Presbyterian Village Talent Show Entertains Community

Jeff Elliot plays a rendition of “Jesus Loves Me” on the piano during the Presbyterian Village Talent Show.

Presbyterian Village, an assisted living facility, hosted a talent show Friday afternoon.

Members of the community were invited to showcase their talent, along with some employees and residents of the facility.

A crowd filled the dining room of Presbyterian Village to enjoy the entertainment.

The following are photos from the event.

Chip Pridey sings a solo.
Jack Clark plays “Maple Leaf Rag”.
Fred Hixon left, the master of ceremony for the show introduces Marilyn  Adcock who sang several songs and played the autoharp, accompanied by her husband Lyle, on the tambourine.
Shirley Carey sings and plays the piano.
Melissa Wright sings “Pontoon”.
Adriel Koller prepares to sing “Follow Me”.
Avis Stradley reads a poem entitled “The Dinner”.  She stated she first recited it for her high school class in 1944.
Lorna Smith plays “Sweet By and By” and “Tennesee Waltz” on the accordion.
Christy Roberts entertains the Presbyterian Village guests Friday afternoon at the talent show.
Annie Brock, 14 years old, plays the piano during the talent show.
Trula Finley plays several songs on the piano.
Greg Turner sings a solo.
Rhonda Allen plays “Glowworm”.
Presbyterian Village Life Enrichment Director Anicia Robinson serves refreshments following the talent show.

Obituary for Ruth Ann Sickles

Obituary for Ruth Ann Sickles

Ruth Ann Sickles, age 55, a former resident of Ft. Scott, and more recently of LaHarpe, Kansas, passed away Tuesday, January 16, 2018, at her home in LaHarpe. She was born October 27, 1962, in Excelsior Springs, Missouri, the daughter of Ralph A. Crawford, Sr. and Hazel Ellen Webber Crawford. Ruth married Roger L. Sickles on February 14, 1983. While living in Ft. Scott, Ruth had worked as a waitress for Boone and Dauben and also the Sale Barn Café. She later did spraying work for Green Touch.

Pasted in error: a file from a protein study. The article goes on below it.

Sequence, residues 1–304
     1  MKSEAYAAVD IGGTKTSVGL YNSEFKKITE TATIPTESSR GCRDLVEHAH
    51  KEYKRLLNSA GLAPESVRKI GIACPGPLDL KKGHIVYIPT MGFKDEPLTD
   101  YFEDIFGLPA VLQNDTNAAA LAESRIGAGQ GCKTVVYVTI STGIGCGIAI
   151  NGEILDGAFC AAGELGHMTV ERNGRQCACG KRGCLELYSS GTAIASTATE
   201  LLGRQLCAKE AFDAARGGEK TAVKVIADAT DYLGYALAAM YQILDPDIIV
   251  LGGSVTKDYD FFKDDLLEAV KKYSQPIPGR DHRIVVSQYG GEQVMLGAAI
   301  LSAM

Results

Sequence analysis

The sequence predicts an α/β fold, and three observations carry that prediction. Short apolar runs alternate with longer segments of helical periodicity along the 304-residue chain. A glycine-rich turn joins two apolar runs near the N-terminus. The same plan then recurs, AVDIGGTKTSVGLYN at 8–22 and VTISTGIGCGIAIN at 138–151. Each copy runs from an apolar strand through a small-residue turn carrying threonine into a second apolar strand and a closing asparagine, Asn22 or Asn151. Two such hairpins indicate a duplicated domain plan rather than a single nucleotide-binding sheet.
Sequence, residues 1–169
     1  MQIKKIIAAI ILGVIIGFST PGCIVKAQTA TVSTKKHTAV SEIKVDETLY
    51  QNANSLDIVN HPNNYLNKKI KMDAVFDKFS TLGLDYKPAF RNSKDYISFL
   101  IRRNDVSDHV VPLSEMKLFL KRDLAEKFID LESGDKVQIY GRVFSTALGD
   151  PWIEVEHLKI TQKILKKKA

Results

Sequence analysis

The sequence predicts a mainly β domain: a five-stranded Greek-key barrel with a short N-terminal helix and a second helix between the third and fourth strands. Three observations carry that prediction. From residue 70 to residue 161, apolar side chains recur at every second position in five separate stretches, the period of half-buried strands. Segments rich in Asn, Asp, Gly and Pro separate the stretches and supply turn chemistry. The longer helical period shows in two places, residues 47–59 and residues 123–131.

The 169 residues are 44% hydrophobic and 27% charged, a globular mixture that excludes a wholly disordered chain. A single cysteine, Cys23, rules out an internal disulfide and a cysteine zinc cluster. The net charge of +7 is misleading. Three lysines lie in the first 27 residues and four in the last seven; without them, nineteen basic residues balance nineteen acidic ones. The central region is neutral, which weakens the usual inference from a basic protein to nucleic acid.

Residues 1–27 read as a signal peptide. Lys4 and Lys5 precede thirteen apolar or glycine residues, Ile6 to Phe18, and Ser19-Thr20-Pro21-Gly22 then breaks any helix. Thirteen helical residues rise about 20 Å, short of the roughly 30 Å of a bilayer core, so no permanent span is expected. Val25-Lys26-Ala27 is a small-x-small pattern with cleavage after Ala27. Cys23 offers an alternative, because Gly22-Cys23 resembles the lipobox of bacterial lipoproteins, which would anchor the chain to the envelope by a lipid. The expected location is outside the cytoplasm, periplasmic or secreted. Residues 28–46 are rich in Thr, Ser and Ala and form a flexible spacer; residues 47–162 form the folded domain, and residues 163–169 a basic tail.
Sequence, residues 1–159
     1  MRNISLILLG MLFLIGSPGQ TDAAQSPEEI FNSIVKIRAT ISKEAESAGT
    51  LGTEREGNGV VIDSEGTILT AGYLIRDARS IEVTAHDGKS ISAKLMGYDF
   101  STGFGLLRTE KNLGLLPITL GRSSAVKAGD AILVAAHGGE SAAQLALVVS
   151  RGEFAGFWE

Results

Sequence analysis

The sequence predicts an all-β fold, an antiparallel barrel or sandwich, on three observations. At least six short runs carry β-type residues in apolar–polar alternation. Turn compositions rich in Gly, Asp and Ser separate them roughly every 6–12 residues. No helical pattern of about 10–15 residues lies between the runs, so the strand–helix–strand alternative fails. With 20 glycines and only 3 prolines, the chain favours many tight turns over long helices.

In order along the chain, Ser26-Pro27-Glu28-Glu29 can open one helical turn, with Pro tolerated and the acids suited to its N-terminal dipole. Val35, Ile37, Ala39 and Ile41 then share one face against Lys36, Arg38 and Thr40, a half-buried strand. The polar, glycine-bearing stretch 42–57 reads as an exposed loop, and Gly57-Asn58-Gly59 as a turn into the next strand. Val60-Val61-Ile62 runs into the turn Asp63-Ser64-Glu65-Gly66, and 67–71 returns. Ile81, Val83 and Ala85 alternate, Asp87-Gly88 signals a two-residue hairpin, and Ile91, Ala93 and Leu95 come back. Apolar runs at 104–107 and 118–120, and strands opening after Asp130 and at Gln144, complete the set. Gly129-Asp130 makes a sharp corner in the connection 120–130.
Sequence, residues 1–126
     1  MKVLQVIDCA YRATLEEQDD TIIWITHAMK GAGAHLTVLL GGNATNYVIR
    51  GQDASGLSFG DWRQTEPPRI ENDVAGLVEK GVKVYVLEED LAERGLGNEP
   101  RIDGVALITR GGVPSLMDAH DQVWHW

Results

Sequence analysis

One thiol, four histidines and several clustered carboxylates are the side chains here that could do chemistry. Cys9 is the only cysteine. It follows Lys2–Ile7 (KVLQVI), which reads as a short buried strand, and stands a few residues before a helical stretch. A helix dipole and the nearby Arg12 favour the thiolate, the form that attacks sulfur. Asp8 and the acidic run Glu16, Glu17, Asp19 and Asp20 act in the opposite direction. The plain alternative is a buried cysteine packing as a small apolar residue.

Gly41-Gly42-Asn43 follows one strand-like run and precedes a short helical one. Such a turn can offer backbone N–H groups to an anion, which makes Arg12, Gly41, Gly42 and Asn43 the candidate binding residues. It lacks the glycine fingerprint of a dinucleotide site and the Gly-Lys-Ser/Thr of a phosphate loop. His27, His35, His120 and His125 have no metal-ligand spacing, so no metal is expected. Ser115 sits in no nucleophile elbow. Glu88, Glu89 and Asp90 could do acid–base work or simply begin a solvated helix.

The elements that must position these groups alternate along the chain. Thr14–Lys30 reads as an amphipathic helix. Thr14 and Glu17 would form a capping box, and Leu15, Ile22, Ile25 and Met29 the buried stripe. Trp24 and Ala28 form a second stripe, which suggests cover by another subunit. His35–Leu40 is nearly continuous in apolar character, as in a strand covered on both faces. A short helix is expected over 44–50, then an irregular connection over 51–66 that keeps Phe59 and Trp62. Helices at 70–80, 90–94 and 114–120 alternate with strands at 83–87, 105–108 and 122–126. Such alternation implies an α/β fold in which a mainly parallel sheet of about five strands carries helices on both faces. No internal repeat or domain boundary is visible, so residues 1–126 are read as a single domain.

Survivors include a brother, Ralph A. Crawford, and wife, Shelly, of Excelsior Springs, Missouri; a half-sister, Candie Horton of Topeka, Kansas and Adryan and Landen Nading who affectionately called her Aunt Ruth.

Rev. Trena Cooper will conduct funeral services at 7:00 P.M. Monday, January 22 at the Cheney Witt Chapel. Following funeral services, there will be cremation. The family will receive friends Monday evening from 5:00 P.M. until service time at the chapel. Services are under the direction of the Cheney Witt Chapel, 201 S. Main, Ft. Scott, Kansas. Words of remembrance may be submitted to the online guestbook at cheneywitt.com.

 

Obituary for Karen Marise Young

Obituary for Karen Marise Young

Karen Marise Young, age 61, a resident of Joplin, Missouri, passed away Friday, January 19, 2018, at her home in Joplin.

She was born September 24, 1956, in Ft. Scott, Kansas, the daughter of Will Henry Sharp and Alta Mae DeMoss Sharp. Karen attended Ft. Scott Schools and later went on to receive a bachelor degree in Social Work from Missouri Western. She had been employed as a correctional officer at a youth detention center in Atchison, Kansas, for twenty years. She enjoyed reading and doing crafts and will be remembered for her fun-loving personality.